Below is an excerpt from an article at the Montana Free Press:
BOZEMAN — Ray Rasker, who has researched wildfire for more than a decade as the executive director of Bozeman-based nonprofit Headwaters Economics, makes a bold claim about wildfire and its human impacts.
“We don’t have a forest fire problem, we have a home ignition problem,” he said. “As soon as you come to that realization, it changes your view on wildfire.”
(UPDATE: Ray Rasker contacted us in a comment, below, to say, “The top quote [above] was something I mentioned to the reporter as something that was said by Dr. Jack Cohen, a long-time Fire Science Researcher with the U.S. Forest Service. It’s not my quote and I’m not trying to take credit for Jack’s insightful comment.”)
Often we hear about the costs of suppressing wildfires, but the cost of fire trucks, firefighters, dozers, and aircraft are only part of that cost.
Some of a community’s willingness to change growth policies, subdivision regulations, building codes, and the like can be attributed to economics. Although significant, the money spent putting out a wildfire is minor — about 9 percent — relative to fire’s total financial impact, Rasker said. “Fifty percent of the cost is borne by the community. That’s businesses that close, that’s the loss of tax revenue during the fire, that’s the cost of reconstruction — restoring your wetland, for example. Your tax base goes up in flames.”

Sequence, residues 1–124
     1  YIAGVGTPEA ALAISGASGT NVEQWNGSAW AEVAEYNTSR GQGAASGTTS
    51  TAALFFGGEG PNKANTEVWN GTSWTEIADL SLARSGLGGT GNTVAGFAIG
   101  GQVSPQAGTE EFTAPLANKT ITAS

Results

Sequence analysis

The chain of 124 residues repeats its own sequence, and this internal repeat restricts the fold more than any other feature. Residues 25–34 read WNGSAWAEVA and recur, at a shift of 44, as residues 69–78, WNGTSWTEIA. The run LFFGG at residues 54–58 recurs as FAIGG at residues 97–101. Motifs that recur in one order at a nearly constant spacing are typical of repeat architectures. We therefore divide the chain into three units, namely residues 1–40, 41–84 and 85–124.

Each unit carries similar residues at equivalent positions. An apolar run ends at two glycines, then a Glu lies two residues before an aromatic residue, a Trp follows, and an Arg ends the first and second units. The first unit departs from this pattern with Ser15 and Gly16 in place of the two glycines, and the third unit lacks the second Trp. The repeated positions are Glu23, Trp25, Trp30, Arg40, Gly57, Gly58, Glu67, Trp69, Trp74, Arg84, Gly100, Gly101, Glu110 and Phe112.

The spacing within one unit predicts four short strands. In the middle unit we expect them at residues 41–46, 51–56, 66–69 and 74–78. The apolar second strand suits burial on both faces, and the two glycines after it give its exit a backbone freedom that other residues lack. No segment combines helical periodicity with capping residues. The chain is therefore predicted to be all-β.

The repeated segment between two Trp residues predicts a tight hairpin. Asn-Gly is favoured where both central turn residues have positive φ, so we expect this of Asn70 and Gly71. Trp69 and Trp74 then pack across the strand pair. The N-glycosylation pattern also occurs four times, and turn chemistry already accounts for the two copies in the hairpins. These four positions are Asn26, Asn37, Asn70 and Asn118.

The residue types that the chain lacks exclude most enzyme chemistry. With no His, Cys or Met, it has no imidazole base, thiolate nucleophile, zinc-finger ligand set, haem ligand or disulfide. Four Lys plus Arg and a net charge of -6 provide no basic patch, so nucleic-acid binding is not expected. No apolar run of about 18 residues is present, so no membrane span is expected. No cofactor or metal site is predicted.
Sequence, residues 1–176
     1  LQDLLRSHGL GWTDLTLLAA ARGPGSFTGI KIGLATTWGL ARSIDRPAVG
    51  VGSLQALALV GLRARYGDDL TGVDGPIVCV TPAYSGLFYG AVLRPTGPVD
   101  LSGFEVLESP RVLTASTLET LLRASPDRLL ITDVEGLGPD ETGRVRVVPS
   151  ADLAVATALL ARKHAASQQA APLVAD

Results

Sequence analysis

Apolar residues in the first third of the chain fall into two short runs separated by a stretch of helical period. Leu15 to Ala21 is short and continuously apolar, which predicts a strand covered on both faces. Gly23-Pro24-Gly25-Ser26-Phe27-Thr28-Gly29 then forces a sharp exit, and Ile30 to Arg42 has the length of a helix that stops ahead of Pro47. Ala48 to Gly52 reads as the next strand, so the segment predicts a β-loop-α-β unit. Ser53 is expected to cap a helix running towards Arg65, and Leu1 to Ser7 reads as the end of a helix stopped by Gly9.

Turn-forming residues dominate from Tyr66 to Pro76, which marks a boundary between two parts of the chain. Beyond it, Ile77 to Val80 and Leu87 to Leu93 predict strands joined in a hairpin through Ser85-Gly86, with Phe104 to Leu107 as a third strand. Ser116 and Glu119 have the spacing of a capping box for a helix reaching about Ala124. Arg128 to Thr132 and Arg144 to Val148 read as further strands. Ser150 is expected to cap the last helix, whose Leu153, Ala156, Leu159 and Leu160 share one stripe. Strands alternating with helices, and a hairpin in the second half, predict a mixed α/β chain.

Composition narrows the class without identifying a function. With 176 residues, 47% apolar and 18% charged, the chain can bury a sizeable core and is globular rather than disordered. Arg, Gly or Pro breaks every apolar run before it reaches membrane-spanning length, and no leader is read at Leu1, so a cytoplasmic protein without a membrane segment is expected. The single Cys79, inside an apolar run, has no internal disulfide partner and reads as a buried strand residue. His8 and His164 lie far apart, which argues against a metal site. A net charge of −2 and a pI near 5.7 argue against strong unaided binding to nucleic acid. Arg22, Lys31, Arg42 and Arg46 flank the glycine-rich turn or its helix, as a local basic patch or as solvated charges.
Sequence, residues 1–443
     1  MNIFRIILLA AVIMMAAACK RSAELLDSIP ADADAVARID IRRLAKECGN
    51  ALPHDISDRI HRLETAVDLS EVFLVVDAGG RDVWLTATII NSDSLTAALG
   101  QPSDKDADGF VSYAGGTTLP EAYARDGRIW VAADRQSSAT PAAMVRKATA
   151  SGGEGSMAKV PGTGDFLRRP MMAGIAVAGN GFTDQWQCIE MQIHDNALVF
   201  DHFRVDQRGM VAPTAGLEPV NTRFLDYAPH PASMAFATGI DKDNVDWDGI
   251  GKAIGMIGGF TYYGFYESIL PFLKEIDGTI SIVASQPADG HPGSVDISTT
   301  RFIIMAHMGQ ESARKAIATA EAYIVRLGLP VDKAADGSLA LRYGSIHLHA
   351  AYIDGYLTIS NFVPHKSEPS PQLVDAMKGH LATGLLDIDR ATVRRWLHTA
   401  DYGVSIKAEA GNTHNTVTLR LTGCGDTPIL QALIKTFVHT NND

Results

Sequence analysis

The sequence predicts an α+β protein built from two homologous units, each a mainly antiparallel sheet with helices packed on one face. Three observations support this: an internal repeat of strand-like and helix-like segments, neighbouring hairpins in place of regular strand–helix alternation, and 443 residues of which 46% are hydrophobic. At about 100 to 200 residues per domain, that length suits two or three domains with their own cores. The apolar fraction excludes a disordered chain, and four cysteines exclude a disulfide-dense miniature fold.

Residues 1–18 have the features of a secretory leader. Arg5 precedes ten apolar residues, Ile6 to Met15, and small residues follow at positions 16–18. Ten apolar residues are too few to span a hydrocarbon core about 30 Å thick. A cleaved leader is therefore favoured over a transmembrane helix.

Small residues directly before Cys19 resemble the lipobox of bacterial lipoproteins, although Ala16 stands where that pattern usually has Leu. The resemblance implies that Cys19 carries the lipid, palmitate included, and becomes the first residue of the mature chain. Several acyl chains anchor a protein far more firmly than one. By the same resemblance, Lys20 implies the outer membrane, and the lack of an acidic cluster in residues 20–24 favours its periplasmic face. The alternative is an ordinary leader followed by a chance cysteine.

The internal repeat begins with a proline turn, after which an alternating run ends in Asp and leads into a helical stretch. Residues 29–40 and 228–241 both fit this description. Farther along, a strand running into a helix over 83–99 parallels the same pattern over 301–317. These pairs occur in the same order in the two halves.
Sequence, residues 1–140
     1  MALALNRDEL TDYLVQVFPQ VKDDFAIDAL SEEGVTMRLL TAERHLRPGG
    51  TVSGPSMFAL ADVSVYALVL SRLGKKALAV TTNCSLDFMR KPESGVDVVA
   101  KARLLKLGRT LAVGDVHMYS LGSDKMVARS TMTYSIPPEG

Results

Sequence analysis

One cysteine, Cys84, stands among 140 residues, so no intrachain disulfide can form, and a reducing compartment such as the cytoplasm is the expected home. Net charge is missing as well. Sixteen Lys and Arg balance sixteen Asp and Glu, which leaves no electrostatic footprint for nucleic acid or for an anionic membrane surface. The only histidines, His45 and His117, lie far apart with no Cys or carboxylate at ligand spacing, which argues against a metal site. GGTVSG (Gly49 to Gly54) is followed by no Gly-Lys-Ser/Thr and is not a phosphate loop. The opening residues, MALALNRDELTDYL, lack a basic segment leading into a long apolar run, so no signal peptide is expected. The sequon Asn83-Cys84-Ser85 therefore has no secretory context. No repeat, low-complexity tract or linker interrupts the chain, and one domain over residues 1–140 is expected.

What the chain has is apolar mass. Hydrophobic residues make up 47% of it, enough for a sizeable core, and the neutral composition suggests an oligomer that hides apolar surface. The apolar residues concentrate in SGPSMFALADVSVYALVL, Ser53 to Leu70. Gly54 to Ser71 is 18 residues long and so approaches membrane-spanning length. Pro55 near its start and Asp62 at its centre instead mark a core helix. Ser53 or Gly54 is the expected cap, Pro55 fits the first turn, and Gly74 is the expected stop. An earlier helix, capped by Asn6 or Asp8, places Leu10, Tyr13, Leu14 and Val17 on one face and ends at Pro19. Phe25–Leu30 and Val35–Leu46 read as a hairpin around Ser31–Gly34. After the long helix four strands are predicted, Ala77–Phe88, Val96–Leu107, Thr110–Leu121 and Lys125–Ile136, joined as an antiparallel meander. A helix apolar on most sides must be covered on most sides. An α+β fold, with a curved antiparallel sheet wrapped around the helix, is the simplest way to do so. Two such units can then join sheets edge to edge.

When economic losses become severe enough, elected officials find the political cover they need to push for additional regulation. Rasker said he’s seen the dynamic at work in several communities CPAW has worked with, including Flagstaff, Arizona; Boulder, Colorado; and San Diego, California. “Now it’s not planning as a liberal agenda; now it suddenly becomes something that’s fiscally responsible.”
Such regulations can include mandating better egress roads to make subdivision evacuations safer, requiring new buildings to be constructed with fire-resistant material, and developing landscaping guidelines for homeowners. There was a time, Rasker said, when municipal fire codes mandating safety measures like sprinkler systems and marked fire exits were all but nonexistent, resulting in casualties. “In an urban environment, we’ve fixed this problem,” he said. “But when the houses are surrounded by trees on the outside of town, suddenly none of those rules apply,” Rasker said, referencing a lack of regulations and enforcement in many rural areas.